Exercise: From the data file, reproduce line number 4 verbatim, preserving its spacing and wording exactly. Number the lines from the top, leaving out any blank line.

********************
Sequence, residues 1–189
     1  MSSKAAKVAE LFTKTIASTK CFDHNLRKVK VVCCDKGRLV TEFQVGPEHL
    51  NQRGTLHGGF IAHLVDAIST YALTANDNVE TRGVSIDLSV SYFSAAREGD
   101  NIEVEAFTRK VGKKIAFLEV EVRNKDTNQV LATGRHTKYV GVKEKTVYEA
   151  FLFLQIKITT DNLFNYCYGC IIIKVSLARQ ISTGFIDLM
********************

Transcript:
   101  NIEVEAFTRK VGKKIAFLEV EVRNKDTNQV LATGRHTKYV GVKEKTVYEA